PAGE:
he wanders off up a dim path to the outer stalls where he seeks a gift

for a lady he may have a chance with back in Moscow, a mob of urchins

in his wake, we worry he won’t return, lose sight of him, as the tension

hits its height he reappears with children leading him by the sleeve,

he mimes, they laugh, he goofs around with his purple poet’s hat

they are are all lit up by his inner radiance. For the first time I believe

that its possible that love might save this glowing suffering man.

Esa is certainly one of the most colourful characters I’ve come across in a narrative poem. Perhaps inevitably, a spot of sickness ensues towards the last lap of the return journey: ‘Rita’s bad water gives Kalle and me a type/ of evil dysentery on the last limping leg back to the Finland Station/ while Esa and Aki get robbed by bad policemen in St Petersburg’.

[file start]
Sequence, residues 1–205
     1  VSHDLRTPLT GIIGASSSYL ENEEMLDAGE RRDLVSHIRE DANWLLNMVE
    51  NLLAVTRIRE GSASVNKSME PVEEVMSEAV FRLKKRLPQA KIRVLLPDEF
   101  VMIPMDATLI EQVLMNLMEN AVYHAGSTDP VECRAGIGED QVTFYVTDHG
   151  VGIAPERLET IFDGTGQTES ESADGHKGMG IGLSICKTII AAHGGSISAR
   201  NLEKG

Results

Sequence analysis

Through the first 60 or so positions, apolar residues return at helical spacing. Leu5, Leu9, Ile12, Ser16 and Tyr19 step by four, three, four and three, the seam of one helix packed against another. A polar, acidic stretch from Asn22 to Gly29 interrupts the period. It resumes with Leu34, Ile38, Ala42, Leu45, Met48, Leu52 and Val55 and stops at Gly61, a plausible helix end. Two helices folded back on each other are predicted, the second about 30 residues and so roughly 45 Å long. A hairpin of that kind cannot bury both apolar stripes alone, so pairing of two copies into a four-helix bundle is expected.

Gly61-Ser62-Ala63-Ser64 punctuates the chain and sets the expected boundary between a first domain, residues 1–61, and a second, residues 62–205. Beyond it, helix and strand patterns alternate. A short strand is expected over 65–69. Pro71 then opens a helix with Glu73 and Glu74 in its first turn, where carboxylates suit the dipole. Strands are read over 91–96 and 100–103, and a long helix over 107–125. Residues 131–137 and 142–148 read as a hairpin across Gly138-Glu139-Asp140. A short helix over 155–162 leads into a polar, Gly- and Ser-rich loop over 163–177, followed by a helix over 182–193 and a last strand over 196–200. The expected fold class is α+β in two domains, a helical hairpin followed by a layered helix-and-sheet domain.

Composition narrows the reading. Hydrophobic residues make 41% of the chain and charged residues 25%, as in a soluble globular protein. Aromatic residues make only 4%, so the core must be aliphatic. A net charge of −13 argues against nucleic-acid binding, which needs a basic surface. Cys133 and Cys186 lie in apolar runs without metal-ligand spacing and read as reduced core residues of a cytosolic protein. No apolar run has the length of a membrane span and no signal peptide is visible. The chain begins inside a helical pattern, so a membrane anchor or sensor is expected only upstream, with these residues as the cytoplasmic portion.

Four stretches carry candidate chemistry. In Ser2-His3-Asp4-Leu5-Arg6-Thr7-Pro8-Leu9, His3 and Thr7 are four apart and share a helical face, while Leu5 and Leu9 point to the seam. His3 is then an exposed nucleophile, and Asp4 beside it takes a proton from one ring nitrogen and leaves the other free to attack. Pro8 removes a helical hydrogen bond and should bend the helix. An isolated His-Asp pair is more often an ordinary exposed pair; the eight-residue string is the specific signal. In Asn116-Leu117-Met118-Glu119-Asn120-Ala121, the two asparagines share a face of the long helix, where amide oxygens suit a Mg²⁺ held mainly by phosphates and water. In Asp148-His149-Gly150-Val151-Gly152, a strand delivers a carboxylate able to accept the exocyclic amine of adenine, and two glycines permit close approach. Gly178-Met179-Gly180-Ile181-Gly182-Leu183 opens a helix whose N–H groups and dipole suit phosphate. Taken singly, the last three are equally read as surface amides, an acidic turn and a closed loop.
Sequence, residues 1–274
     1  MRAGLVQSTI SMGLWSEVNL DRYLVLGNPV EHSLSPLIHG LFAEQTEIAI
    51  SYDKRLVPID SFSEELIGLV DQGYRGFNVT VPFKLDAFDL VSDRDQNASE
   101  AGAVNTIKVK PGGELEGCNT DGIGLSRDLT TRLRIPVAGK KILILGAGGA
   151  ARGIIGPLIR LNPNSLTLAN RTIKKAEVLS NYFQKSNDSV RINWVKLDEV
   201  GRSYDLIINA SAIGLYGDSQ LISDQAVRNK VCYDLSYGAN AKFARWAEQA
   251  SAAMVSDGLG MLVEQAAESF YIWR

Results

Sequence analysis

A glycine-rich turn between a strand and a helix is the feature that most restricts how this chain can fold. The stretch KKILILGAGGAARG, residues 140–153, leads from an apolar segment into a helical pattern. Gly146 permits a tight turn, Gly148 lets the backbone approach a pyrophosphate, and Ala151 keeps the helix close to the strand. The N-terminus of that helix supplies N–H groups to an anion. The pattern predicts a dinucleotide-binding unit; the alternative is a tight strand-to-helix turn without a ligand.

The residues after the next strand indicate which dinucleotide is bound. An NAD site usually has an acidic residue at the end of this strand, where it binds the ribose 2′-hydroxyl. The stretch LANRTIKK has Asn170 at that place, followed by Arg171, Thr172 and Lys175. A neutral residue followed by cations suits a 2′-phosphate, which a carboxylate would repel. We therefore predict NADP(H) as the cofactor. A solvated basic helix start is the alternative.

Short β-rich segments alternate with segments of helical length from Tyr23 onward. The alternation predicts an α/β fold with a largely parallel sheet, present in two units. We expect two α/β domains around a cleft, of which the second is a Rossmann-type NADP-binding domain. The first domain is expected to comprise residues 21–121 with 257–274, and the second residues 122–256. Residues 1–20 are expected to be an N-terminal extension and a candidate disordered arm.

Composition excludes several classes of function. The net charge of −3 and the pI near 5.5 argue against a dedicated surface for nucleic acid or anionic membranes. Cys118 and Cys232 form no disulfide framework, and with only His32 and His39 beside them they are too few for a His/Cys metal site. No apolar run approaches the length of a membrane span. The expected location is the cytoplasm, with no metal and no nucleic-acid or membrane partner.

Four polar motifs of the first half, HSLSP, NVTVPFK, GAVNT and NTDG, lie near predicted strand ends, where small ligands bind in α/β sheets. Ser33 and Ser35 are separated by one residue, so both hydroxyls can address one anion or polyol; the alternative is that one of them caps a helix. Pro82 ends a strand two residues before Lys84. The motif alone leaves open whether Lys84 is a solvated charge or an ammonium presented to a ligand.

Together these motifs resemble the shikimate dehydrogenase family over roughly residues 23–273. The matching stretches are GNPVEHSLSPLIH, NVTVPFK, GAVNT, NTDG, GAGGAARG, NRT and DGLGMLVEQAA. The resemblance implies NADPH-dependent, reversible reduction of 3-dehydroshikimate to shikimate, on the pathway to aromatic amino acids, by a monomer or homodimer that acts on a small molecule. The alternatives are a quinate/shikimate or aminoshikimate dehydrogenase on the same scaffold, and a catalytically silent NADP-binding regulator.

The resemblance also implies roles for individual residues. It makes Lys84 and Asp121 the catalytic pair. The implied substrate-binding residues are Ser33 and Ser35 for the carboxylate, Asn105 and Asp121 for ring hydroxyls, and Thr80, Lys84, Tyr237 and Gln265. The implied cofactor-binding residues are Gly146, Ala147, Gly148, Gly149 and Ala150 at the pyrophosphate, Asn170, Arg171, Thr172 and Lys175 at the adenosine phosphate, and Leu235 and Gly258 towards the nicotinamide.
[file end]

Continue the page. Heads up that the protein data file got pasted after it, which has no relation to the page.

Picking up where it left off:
Finally we come to the closing passage of this immersive, impressive and accomplished long poem, a fitting final flourish –philosophical, polemical, spiritual, mournful, hopeful– which really needs to be excerpted in full to appreciate:

I sit until the last passenger disembarks onto the concrete platform,

only minutes have passed on the mobile phone’s luminous face

but we are stretched and torn in a chasm between past and present

round here too – between the age of steel and ships receding,

and an Empire falling, the advent of microchips and hypermarkets.

Cyberspace, Worldwide Web, Social Networks whirl a maelstrom,

full of claim and counterclaim, truth, lies, hate and propaganda;